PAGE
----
ARI SHAPIRO, HOST:
The author Amitav Ghosh often sets his books at the blurry boundary between land and water. His latest novel stops in several of those places, from mangrove islands on the border of India and Bangladesh to the canals of Venice, Italy. The book is called "Gun Island." It's a modern retelling of a Bengali myth that Amitav Ghosh grew up with. He uses this ancient story to reflect on contemporary themes of climate change and migration.
The goddess at the center of this myth is named Manasa Devi. She's not just a goddess. She's also a sort of interpreter, connecting humans to the natural world.
AMITAV GHOSH: She is the goddess of snakes and all poisonous things. And the stories around her all revolve around her curious kind of battle with this figure called the merchant. You know, his name is actually Chand Saudagar (ph), or the merchant Chand.
SHAPIRO: That's his name in Bengali.
GHOSH: Chand Saudagar in Bengali, yes. And there's this sort of conflict between them, and she wants him to become her devotee, and he won't. And she sends all these kinds of terrible calamities upon him - droughts and famines and great waves. And finally, he flees overseas, and she pursues him overseas. And finally, he comes back, and he sort of, you know, capitulates. But it's an amazing story in the sense that I think it poses, as it were - or it conceptualizes a conflict between the profit motive and nature, you know?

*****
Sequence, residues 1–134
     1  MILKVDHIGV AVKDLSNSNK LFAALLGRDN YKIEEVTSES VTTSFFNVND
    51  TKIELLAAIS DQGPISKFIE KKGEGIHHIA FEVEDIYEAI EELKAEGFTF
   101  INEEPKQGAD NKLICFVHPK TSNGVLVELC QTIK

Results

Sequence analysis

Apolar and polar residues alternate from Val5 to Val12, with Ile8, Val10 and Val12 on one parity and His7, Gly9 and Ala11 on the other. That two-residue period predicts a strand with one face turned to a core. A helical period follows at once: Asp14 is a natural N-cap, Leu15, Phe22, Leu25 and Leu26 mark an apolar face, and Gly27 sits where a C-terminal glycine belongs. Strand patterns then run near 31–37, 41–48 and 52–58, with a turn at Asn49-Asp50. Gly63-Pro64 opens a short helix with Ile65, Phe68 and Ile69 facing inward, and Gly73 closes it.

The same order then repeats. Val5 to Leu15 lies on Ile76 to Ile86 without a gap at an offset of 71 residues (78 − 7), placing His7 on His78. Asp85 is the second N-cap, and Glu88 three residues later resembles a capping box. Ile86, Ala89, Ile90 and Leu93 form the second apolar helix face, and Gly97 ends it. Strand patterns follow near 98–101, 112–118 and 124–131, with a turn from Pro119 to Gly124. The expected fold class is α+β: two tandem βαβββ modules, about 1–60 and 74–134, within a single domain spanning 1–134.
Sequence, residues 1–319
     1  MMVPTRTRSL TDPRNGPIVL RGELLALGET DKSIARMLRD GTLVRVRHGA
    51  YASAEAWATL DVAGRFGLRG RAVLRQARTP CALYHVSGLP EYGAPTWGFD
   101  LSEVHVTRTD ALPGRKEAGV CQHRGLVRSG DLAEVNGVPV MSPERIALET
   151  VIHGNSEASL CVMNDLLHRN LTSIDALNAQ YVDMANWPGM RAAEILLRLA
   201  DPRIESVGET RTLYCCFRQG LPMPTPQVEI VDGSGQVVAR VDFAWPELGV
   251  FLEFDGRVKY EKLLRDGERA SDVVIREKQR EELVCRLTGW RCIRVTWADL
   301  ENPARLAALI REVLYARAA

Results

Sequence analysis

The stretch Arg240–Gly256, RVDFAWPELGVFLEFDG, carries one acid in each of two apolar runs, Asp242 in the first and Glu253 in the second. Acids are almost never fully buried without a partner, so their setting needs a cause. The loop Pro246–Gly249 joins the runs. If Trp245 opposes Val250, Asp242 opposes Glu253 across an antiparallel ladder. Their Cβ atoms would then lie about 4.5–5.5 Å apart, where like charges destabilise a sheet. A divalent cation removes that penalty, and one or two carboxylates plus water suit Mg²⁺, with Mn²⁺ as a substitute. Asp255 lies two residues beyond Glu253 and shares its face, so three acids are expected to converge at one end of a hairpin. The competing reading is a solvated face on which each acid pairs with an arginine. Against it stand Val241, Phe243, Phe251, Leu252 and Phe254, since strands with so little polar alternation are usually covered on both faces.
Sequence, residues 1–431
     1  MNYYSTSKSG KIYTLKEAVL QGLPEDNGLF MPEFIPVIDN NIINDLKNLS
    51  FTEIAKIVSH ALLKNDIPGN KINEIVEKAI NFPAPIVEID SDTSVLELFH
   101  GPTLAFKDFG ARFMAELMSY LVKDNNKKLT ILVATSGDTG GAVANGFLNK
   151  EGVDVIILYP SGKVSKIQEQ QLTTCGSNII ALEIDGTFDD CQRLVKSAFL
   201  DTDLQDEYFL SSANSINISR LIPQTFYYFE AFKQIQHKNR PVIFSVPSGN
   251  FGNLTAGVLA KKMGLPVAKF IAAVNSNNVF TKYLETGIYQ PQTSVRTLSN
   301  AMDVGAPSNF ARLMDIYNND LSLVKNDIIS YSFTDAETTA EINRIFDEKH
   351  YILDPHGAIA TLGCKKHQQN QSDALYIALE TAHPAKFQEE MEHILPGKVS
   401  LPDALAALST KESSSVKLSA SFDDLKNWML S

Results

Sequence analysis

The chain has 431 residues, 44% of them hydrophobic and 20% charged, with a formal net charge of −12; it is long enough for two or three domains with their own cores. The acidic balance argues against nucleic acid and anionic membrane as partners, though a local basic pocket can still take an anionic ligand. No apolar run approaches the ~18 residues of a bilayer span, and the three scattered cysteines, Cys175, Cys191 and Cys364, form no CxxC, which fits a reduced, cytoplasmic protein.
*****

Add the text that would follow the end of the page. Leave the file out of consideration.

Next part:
SHAPIRO: Because the merchant wants to make money...
SHAPIRO: ...And the goddess is sending these natural phenomena to try to get him to pay attention.
GHOSH: That's right. That's exactly it. I mean, that's it. She wants him to pay attention to the world around him, to the natural world around him. So it's a metaphor for that, you might say. So, you know, it's clear that this basic conflict was perfectly well-understood by, you know, our distant ancestors.